Monday 15 August 2011

Ambition at the double

Double Feature, National Theatre, London

On account of London Road’s blistering success, which led to a summer extension in the Cottesloe, this double, double bill of new writing has been shunted from the Cottesloe into a ‘found’ space elsewhere in the National Theatre. Actually ‘found’ is rather misleading. Better to say ‘repurposed,’ since the Paintframe is an intergral space in the National: its set construction workshop. Double Feature is not site-specific or site-responsive, but ‘pop-up’ theatre in the truest sense.

And it doesn’t half look brilliant: a disused industrial hanger lined with steel and construction lamps. With its high ceilings and long, open floorplan, it would make an ideal replacement for the old Shunt Vaults. Were it not for the strength and scope of design on the National’s usual stages, you’d have good reason to call for the space’s transition to be made permanent.

Soutra Gilmour carries on exactly that same spirit of intelligent, bold design, dividing the space into two auditoria with a central arch. Not only has she dressed the overall space with a punchy sense of fun, her individual designs are remarkably varied in terms of both tone and functionality. From the end-on, punctured naturalism of Edgar and Annabel’s kitchenette to an atmospheric (almost immersive) impression of an East End pub in DC Moore’s The Swan. Her traverse stage for Nightwatchman enables both its content (cricket) and form (direct address), while she just about meets the significant challenges of Tom Basden’s ambitious oddity There Is a War.

That the four plays should be such different beasts is testimony to the uninhibited spirit of Double Feature, which marks a welcome move to integrate potential alongside tested excellence. Four young writers, two young directors (Lindsay Turner and Polly Findlay) and a predominantly youthful cast make Double Feature something of a rarity for a theatre dominated by absolutely established talent. These are the artists that usually go unseen in the National’s ecology, tucked away in the safety of the National Theatre Studio, so it’s rather great to see them pushed into the public arena with all its challenges.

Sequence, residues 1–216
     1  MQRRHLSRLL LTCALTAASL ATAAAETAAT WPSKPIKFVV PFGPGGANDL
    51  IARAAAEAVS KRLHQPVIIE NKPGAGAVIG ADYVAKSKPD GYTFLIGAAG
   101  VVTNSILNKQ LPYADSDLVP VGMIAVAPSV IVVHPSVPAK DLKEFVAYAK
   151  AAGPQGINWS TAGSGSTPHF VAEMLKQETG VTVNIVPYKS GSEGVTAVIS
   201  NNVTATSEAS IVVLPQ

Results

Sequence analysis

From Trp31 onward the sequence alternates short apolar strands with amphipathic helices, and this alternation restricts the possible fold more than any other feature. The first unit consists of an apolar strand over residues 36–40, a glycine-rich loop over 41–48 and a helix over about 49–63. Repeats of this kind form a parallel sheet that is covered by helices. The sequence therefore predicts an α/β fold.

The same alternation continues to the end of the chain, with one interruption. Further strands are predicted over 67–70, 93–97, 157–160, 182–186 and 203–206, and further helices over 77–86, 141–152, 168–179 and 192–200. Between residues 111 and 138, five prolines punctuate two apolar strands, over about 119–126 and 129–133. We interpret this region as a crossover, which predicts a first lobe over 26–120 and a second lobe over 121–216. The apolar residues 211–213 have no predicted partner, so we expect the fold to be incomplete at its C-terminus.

My one grumble is with NT Associate Ben Power’s recent Guardian blog, which, while being both eloquent, elegant and a touch sycophantic, made the whole ‘pop-up’ concept seem planned from the off, when it was, in fact, a happy accident. Because it’s fine to admit it as such; the National deserves credit for the solution, for extending London Road without any programming casualties and doing so with flair. To disguise the fact – though Power never goes so far as to bend the truth – is to belie the process and, in fact, theatrical processes in general. Power’s article gives the sense of everything playing out as originally planned, entirely without hitch. In his series of essays On Directing Film, David Mamet describes film-making as entirely dependent on pre-production. To shoot the thing is just a matter of sticking to the plan. Theatre doesn’t work like that: it thrives on happy accidents and grows out of contingent occurrences. The internet offers, we are repeatedly told, the possibility to open out processes that have always occurred in secret. If that’s important, the least we can do is be honest about it.

Edgar and Annabel
A man walks into a kitchen, announcing himself to a woman preparing food: ‘Honey, I’m home’. She turns to greet him and freezes, almost collapsing into the sideboard. Her knees half give way, they cock inwards. It takes her a moment to recover before she takes the blue papers he holds out and they continue this mundane conversation, reading lines about work and dinner from a script. They remain physically awkward, but speak like life-partners. What they say doesn’t correspond to reality: he talks about their salmon supper as she produces a chicken from the oven. He doesn’t seem to know his way around what seems to be his own kitchen. She doesn’t seem to like or trust him at all, though her words are tender and comfortable. Everything they do is stilted and forced; they clunk.

So begins Edgar & Annabel. It makes next to no sense, yet it’s oddly captivating. It feels like a puzzle with answers. The scripts and the awkwardness, the consciousness with which the actors perform means that you’re not even entirely sure how to watch. What’s fiction, what’s staging? It is a hugely courageous start from Sam Holcroft, refusing us a foothold to from which to start. Even more bravely, she doesn’t give us any answers whatsoever until the second scene.

It turns out that Edgar and Annabel are, currently, Nick and Marianne (Trystan Gravelle and Kirsty Bushell), two members of a resistance movement against an Orwellian regime. With each house bugged by a computer capable of analysing sounds and speech-patterns, they must play Edgar and Annabel, sticking to the script to ensure continuity and imperceptibility. They do so while plotting revolution, leading to a brilliant sequence in which they prepare a bomb, drowning out the noise with a raucous Singstar competition. Insurgency to an off-key power ballad soundtrack.

Edgar and Annabel is the most original piece of new writing I’ve seen in ages. Though one has to buy into the world – Why aren’t the government using CCTV? Wouldn’t Nick’s voice register differently to his Edgar predecessor? – Holcroft delivers a gripping and volatile plot that keeps you guessing. Moreover, she does so with real panache, exploring every nook and cranny of the situation for comic potential and dramatic tension.